He added, “I know transportation is a big question for a lot of folks here. The facility is being permitted to operate 325 trucks per day or 400 rail cars per week.”
However, Caron previously told the Post Review the numbers mentioned by the MPCA are in relation only to the air quality permit, and Tiller could not operate at that level with a facility the size of the one near completion along County Road 30.
Tiller estimates six to eight truckloads of sand would be passing through Harris every hour when the operation is up-and-running, and 15 to 25 railcars per day could be loaded. Caron said once those cars are loaded, one to two trains every other day could be leaving the plant.
If Tiller steps up production in a possible phase two, one to two trains per day could be leaving the plant.
After Gorg finished with his presentation, he, Caron and Smith fielded an array of questions from concerned residents.
One man said he was concerned about the moisture content of the sand—he noted sand that’s too dry could equate to overly dusty conditions near the plant.
Gorg said the plant is required to keep the moisture content of the sand coming into the plant at 2 percent.
He also said visible emissions would be monitored and minimized at the site.
Gorg said Tiller would have an annual requirement to submit certifications that ensure the facility is in compliance with MPCA standards.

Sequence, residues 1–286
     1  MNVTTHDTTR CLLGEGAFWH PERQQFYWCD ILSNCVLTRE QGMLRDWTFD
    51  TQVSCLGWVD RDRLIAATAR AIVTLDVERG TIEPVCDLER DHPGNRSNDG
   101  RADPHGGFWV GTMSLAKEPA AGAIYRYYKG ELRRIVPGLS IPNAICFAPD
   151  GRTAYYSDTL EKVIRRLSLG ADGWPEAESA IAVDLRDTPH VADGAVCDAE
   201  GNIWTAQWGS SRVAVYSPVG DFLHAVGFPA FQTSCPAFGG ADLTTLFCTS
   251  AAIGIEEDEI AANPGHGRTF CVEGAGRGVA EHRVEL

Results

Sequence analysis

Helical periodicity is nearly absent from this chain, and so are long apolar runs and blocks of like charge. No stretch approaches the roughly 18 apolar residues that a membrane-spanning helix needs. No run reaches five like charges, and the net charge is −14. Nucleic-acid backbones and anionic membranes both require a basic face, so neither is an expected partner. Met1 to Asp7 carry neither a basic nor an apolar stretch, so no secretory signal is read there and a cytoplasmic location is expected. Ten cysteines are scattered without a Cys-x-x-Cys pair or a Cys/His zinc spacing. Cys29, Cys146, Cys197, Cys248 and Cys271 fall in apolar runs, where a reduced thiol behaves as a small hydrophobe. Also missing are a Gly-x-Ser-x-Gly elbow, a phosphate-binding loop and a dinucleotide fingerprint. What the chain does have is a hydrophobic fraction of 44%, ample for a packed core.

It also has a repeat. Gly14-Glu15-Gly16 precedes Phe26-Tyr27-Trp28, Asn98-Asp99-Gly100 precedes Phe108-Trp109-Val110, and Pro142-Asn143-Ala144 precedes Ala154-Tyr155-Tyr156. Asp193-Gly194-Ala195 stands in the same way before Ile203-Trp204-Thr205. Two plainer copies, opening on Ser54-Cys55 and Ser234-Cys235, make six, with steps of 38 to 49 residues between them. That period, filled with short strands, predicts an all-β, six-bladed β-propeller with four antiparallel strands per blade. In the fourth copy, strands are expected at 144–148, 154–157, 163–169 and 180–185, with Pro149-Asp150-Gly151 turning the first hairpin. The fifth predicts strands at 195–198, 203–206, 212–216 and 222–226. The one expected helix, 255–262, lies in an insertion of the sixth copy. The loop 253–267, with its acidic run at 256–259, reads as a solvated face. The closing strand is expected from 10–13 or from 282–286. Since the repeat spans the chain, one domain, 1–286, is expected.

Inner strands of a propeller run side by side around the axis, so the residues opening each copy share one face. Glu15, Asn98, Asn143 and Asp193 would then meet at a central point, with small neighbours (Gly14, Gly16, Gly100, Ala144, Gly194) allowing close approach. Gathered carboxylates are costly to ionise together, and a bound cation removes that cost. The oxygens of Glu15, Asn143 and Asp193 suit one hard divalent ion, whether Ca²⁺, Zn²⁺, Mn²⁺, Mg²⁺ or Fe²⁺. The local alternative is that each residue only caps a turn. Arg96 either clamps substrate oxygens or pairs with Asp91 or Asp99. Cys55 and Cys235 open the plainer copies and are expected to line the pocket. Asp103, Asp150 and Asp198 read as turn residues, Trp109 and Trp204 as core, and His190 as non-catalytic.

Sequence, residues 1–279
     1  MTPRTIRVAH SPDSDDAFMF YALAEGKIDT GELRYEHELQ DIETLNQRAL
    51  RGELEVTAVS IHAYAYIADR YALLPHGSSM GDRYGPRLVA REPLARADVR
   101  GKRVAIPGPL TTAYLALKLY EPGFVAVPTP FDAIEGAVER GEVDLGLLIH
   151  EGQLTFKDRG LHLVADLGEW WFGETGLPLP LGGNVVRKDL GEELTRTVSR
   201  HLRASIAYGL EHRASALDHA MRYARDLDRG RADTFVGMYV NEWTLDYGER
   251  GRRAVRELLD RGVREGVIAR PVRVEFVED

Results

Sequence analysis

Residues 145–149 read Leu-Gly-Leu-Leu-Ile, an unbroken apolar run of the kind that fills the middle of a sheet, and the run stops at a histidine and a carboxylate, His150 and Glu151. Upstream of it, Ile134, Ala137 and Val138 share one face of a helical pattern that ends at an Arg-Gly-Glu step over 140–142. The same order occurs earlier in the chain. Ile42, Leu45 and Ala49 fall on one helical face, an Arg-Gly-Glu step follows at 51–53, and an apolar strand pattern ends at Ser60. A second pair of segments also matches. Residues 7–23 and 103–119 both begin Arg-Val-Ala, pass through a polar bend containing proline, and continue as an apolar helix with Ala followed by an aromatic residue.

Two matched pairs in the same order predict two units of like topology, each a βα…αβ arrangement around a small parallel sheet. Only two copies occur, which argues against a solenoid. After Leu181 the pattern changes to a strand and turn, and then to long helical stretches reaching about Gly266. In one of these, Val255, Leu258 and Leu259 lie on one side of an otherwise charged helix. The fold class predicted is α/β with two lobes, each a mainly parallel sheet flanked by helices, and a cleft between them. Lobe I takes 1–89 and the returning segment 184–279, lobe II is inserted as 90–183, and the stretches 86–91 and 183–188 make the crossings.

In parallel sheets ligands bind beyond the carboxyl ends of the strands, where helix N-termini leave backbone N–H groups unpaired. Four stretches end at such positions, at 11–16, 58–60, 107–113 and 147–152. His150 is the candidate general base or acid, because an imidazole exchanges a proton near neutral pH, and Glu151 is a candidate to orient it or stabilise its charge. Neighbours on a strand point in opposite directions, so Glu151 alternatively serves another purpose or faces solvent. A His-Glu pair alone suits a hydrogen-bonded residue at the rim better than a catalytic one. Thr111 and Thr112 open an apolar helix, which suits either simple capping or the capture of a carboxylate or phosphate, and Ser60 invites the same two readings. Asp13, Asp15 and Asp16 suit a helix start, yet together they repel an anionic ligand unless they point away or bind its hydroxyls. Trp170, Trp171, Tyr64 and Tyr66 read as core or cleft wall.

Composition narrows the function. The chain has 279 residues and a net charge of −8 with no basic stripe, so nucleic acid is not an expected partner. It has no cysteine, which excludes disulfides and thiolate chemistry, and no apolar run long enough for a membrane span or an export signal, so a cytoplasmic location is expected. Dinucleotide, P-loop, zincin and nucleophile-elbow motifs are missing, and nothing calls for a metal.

The facility would also be required to provide semi-annual reports to keep the MPCA abreast of its compliance history.
The MPCA would also require Tiller to keep monthly and daily operation records on-site.
Another resident asked how Tiller was able to start construction of the facility without receiving the air quality permit.
Caron addressed that question.
“We made an honest mistake,” Caron said, a reply that elicited jeers from the crowd. “But I think it needs to be understood what we’re doing here at this site. We’re drying sand. This site, the material that’s going through this plant, is cleaner than what goes through any asphalt plant in this vicinity.”
Another man asked if workers at the plant would be required to wear breathing apparatuses.
Caron said the workers would not be required to wear the devises at the plant.
Others in the crowd were concerned about how Tiller is supposed to report to the MPCA.
Smith said monitoring of the facility is performed primarily via self-reporting.
“Just by the nature of the air program—and I know this isn’t reassuring to a lot of people—it is a process where the company is responsible for monitoring themselves, reporting those records to us and then those records are looked at when they’re submitted to the PCA,” he said.
However, Smith added the MPCA conducts spot checks at locations from time to time, and anytime the agency receives a complaint about a facility it sends a representative out to the site in question to “go through the whole gamut of records at the site.”
“It’s just not practically possible for us to inspect and be out at every facility across the state with the number of staff we have,” Smith said. “Based on records with other facilities, the self-reporting process works well. If there are complaints raised by the citizens, we will be out to make sure those issues are looked into. It’s not a perfect system, but it’s a system that seems to be working well for most of the facilities across the state.”